During his time at Harvard, Faiham has been researching the world tea trade in Harvard’s museums and libraries. He recently gave a presentation titled “Cha Chakra: Tea Tales of Bangladesh,” chaired by Professor Sugata Bose with commentary by Curator Alison Nordström, in which he displayed his long-term documentary photography research project on tea industry. The project sheds light on the plight of the tea garden workers of Bangladesh who are among the lowest paid and most vulnerable laborers in the world yet are strangely invisible to the global media. Currently, the project concentrates on labor rights and conditions within Bangladesh’s tea industry, which are a direct result of a long history of colonialism and oppression. This project aims to collect the undocumented history of the global tea industry through photography, oral histories, and archival materials.
Every year the Mittal Institute publishes an annual report that chronicles the highlights of the academic year. This report showcases the breadth of interdisciplinary faculty and student research projects, programs and events that The Mittal Institute supports related to South Asia both at Harvard and In-region.
Congratulations to Green Screen and Umbulizer, the winners of our 2018 Seed for Change Competition. Umbulizer, the winner of Seed for Change Pakistan, will receive $15,000 to further develop a reliable, low-cost, and portable device that can provide continuous ventilation to patients in resource-limited healthcare settings. Green Screen, winner of Seed for Change India, will receive $40,000 to produce a zero-electricity, modular ventilation panel made from an agricultural waste byproduct and designed for the slums of New Delhi, India.
Before the upcoming Buddhism in Nepal conference on Monday, May 7, The Mittal Institute spoke with professor and conference organizer Leonard van der Kuijp about the conference and the Nepal Studies Program.
In anticipation of her upcoming book, The Mittal Institute Research Affiliate Vineeta Sinha sat down with us to discuss her work on the Hindu Diaspora in Singapore and her thoughts on being a woman in academia. “Sitting on recruitment and reviewing committees and on management boards, I have witnessed that even my lone presence as a woman tempers the tone of the discussion and prevents loaded and blatantly sexist and even racist questions to be raised — even if it is just for political correctness,” she says.
In the developing world, 95% of people with a clinically significant mental illness receive no treatment at all, and it costs the global economy an estimated trillion dollars a year. Vikram Patel is a distinguished Indian psychiatrist and The Pershing Square Professor of Global Health at Harvard Medical School. The Mittal Institute’s Hasit Shah caught up with him before our 2018 Symposium, where Professor Patel was one of the key speakers.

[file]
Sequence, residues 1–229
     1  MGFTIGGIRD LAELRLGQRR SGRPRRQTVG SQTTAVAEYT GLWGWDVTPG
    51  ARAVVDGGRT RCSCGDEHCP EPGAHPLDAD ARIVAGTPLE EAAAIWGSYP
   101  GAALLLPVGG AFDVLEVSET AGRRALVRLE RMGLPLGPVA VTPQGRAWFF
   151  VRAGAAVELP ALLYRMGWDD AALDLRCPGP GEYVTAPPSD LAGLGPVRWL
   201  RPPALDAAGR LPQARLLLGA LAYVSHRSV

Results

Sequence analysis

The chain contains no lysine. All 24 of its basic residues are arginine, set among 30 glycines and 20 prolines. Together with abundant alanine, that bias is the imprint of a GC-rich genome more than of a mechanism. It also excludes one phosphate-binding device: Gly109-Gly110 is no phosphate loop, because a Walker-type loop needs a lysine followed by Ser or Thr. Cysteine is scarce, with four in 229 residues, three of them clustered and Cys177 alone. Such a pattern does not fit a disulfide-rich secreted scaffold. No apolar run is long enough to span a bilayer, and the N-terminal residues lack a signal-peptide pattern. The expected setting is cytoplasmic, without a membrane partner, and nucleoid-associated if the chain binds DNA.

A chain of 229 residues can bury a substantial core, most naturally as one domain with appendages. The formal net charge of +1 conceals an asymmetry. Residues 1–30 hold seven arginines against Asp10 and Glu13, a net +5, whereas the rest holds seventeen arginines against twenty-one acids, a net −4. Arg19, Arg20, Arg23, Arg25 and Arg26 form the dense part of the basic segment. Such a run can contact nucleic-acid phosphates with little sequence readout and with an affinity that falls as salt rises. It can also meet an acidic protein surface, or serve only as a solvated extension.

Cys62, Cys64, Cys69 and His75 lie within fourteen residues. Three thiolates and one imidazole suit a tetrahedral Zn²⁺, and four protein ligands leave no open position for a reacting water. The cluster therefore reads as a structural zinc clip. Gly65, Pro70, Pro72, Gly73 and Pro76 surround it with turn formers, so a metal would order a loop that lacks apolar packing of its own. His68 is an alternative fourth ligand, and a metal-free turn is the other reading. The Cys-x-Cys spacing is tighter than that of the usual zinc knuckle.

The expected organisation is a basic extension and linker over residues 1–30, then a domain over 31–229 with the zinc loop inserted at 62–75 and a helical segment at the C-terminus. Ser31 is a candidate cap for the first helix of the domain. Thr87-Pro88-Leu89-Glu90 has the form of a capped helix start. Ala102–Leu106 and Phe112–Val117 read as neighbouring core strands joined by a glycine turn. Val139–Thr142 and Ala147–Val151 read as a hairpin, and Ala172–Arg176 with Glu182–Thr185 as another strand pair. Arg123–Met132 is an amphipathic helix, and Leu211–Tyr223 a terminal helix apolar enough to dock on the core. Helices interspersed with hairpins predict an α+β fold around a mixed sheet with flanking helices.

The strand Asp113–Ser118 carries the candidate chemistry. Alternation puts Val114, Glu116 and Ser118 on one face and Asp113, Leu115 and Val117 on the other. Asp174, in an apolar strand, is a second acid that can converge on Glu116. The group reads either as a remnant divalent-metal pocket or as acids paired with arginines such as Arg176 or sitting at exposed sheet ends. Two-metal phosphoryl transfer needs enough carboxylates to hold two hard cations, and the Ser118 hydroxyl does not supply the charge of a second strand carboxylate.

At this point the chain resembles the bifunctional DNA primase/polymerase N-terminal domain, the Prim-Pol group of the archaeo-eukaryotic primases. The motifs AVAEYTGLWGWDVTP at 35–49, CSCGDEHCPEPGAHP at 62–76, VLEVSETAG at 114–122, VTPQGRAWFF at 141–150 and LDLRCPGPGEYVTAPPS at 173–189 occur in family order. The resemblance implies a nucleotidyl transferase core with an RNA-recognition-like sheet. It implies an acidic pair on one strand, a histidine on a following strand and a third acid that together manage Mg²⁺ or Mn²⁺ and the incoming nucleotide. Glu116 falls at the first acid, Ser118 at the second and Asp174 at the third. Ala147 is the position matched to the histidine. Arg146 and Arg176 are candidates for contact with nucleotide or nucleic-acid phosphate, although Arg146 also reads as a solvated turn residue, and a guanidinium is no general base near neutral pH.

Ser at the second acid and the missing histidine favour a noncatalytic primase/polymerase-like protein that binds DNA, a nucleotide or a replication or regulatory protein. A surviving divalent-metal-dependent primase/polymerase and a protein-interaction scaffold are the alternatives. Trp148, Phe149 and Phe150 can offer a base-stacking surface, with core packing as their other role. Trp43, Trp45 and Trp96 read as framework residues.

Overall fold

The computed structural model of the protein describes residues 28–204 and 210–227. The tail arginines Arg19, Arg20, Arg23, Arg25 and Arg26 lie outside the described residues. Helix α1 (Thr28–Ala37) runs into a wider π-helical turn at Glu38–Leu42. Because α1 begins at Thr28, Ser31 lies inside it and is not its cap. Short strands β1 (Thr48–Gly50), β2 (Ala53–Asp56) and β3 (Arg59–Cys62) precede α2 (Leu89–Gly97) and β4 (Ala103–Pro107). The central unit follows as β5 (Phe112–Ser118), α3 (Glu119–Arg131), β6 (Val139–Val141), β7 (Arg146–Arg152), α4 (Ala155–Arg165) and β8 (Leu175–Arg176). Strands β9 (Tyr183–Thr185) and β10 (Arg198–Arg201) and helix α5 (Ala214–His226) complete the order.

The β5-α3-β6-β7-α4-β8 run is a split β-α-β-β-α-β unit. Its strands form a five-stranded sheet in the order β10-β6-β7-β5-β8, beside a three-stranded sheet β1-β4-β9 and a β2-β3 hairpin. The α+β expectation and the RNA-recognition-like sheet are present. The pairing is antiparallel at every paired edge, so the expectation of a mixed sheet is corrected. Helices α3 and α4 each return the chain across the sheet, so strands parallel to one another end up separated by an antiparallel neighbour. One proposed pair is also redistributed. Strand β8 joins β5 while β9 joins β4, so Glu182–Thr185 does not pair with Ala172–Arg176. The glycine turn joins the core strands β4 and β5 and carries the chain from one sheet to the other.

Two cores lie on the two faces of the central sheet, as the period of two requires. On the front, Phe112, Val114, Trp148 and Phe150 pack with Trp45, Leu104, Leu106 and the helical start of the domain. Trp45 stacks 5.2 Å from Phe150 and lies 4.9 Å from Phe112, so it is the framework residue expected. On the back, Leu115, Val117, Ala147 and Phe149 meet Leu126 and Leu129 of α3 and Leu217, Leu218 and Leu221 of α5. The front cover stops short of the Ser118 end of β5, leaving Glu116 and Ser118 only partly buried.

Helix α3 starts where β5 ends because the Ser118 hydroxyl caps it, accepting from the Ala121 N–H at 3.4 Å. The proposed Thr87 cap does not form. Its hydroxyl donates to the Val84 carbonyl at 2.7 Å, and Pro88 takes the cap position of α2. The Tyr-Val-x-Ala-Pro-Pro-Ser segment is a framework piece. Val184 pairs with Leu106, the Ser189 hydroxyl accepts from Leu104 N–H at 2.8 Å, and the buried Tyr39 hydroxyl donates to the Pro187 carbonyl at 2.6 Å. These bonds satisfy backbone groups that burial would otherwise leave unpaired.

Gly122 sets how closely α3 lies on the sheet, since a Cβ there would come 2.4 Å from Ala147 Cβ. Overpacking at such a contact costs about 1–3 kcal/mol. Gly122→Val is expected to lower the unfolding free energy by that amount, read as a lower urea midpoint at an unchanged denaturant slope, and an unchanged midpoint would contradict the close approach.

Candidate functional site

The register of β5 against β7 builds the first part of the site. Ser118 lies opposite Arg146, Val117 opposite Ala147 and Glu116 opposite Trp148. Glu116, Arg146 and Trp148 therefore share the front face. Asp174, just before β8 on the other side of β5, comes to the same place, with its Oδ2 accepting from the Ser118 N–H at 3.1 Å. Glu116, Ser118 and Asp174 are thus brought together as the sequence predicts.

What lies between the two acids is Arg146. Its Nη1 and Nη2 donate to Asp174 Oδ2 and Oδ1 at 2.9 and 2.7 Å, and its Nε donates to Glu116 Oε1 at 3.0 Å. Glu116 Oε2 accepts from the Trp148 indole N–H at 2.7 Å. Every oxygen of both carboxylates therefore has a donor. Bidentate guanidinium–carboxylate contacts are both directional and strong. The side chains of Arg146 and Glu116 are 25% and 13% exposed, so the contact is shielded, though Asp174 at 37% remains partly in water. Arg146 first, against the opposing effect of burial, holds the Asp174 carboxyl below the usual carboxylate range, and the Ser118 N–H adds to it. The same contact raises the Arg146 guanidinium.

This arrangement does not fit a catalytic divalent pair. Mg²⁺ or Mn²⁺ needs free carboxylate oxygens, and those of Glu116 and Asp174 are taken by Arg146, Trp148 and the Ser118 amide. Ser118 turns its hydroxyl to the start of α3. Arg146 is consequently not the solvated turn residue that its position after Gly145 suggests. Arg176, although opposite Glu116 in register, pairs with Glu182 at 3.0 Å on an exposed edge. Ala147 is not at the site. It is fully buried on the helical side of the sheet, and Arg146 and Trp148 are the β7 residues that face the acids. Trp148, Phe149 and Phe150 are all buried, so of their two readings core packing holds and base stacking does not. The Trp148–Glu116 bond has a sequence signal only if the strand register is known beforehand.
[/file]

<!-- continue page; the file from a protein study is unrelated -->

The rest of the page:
“The transformational support from Indian industrialist Mr. Lakshmi Mittal and his family ensures that South Asia remains an education and research priority at Harvard. The $25m naming endowment builds on the foundation established by the University and our Advisory Council. The Lakshmi Mittal South Asia Institute (The Mittal Institute) at Harvard University enters a new era of being a catalyst for interdisciplinary, Harvard-wide initiatives across South Asia.” – Tarun Khanna (Director, The Mittal Institute; Jorge Paulo Lemann Professor, Harvard Business School)
Was that a flash of gold I just saw? I moved around to the other side of the table, hoping to catch the light just right again. I was in a storage room of the Archäologisches Zentrum of the Museum fur Islamische Kunst in Berlin, viewing a folio of calligraphy signed by the Mughal prince Dara Shikoh (1615-59). I tilted my head as I followed the flowing lines of nast’aliq script around the page.
On April 17, The Mittal Institute hosted an opening reception and seminar for the exhibition, “Revelations: Reclaiming South Asian Narratives.” By exhibiting pieces from this year’s Visiting Artists, the show aims to unravel challenging social issues that often fall outside the limelight.
As a 2018 Mittal Institute Visiting Artist, Rajyashri Goody’s art revolves around the complexities of identity seen through the lens of larger social, political, economic, and religious structures at play — and consequently the tug between power and resistance that manifests itself within minority communities.